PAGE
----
So how do you know if your chicken is a rooster or a hen? Is it really that important to know which is which? Well if you’re planning on having a flock, then you might want to know the differences between the two.
Also known as cock or cockerel, a rooster is a male gallinaceous bird (heavy-bodied ground-feeding birds). The term ‘rooster’ originated in the United States, while the ‘cock’ (adult rooster) and ‘cockerel’ (young rooster) originated in the United Kingdom and Ireland. While a rooster includes many kinds of bird species such as turkey, grouse, quail, partridge, and pheasant, it usually refers to the male chicken.
Unlike other animals such as penguins, bald eagles, barn owls, and wolves, a rooster is polygamous (marriage or commitment to many spouses). They guard several nests of eggs usually by guarding the general area where the hens are nesting. They are protective and will attack other roosters that enter their territory. Usually at daytime, a rooster will sit on a high perch and serve as a lookout for his group, hence the name ‘rooster’.
Known for its crowing at the break of dawn, a rooster actually crows at any time of the day. While some crow only a few times a day, most crow almost constantly. The difference however is dependent on the rooster’s breed and individual personality.
Interesting fact: In mating season, roosters will do a mating dance for the hens, dropping a wing and dancing in a circle.
A hen is a female gallinaceous bird. The term ‘hen’ was derived from the Old English ‘henn’, which was derived from the West Germanic ‘hannjo’ (female fowl). As with the rooster having a term for its younger self, a young hen also has its own term, known as pullet. While again ‘hen’ may refer to other fowl species, it usually pertains to a female chicken.
A hen is usually not the crowing type, it instead cackles when laying eggs and uses special sounds to lure its chicks. However, it is known that a hen will crow once in a while. Unlike roosters who usually are more aloof as they mature, a hen is known to be a ‘warming-up-to-others’ type of chicken.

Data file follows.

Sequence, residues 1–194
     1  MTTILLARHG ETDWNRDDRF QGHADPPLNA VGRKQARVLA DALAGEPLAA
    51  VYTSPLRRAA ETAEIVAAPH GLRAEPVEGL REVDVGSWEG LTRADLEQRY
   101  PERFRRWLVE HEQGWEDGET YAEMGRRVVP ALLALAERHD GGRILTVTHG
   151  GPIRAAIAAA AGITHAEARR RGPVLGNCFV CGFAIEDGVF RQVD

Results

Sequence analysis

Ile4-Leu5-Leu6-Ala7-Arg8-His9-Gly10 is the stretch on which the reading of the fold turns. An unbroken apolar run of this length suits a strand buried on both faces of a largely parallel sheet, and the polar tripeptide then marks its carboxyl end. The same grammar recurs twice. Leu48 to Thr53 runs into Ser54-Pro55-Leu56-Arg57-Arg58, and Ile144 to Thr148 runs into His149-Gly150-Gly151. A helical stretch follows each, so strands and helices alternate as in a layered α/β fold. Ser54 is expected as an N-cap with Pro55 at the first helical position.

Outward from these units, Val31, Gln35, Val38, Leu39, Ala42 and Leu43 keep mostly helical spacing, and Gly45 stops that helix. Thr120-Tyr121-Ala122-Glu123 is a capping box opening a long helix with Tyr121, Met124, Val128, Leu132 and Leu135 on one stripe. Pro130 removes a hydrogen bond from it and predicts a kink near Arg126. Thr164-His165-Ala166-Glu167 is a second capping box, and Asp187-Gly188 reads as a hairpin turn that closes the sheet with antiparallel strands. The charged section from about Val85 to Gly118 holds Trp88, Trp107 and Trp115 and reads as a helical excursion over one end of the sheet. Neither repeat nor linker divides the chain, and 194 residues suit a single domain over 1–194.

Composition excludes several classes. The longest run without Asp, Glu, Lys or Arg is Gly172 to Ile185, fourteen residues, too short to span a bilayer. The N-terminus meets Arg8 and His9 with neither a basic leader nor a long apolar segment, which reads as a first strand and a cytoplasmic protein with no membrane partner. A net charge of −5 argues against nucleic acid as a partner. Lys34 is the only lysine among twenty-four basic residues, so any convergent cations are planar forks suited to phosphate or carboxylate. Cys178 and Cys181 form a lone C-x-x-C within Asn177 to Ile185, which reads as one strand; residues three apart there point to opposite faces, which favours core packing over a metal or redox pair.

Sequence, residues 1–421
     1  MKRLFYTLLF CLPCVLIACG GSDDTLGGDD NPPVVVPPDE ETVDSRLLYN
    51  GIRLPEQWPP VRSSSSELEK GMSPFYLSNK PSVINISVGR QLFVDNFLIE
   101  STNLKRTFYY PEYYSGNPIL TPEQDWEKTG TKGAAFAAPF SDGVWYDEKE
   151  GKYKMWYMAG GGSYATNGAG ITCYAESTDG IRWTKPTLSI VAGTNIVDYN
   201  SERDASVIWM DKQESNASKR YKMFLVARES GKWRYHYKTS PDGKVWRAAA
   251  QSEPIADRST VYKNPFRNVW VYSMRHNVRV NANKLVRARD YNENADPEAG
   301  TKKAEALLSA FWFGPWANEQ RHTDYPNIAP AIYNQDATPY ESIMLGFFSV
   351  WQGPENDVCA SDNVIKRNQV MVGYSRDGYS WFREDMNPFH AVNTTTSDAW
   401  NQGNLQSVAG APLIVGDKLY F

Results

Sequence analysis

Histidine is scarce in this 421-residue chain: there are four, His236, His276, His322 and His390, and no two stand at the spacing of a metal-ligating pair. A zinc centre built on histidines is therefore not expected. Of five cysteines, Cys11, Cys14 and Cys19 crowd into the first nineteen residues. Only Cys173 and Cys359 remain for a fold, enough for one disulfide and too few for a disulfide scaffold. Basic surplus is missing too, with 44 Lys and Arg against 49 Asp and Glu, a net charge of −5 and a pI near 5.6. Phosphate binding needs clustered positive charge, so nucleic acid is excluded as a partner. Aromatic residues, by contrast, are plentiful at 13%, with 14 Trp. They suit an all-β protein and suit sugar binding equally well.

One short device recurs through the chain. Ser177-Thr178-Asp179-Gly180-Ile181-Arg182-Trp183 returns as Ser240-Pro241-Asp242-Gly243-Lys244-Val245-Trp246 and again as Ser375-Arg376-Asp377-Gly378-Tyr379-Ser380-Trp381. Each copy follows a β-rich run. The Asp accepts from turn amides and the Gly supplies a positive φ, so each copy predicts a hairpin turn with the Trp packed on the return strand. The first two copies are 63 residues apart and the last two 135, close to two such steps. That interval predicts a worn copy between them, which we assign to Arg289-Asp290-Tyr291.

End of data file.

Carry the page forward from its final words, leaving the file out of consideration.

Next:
Clearly, as mentioned above, a rooster is a male chicken and a hen is its female counterpart. But while gender is their main difference, there are other differences that are noteworthy.
Starting with their feathers, a rooster has neck feathers and back feathers that are usually pointed. A hen however has rounded feathers along its neck. The tail on a rooster also can be a distinguishing factor. It has a curve to it and is often longer. Also, while both have combs (small bit of flesh above their heads), and wattles (soft flesh hanging from the side of their beaks), the ones on the males are more prominent. Their spurs (feet) are more prominent in a rooster, sharper even.
Just like with many fowls, the male chicken has feathers that are brighter and more vibrant -they often have beautiful blue and green highlights. A rooster’s feathers also have a shinier look, as it has oil glands that help it preen its feathers. Finally, and you already probably know this, a rooster is built bigger than a hen.
|Male fowl||Female fowl|
|Longer, fuller tails||Shorter tails|
|Have spurs (More prominent)||Have spurs|
|Have wattles (More prominent)||Have wattles|
|Have combs (More prominent)||Have combs|
|Usually are larger||Usually are smaller|
|Often crows||Rarely crows|
|Does not lay an egg||Lays an egg|
|Colorful bright shiny feathers||Less colorful feathers|
While telling the difference between a rooster and a hen can be quite troublesome when they are at an early age, here is video showing a cool trick to distinguish a rooster from a hen.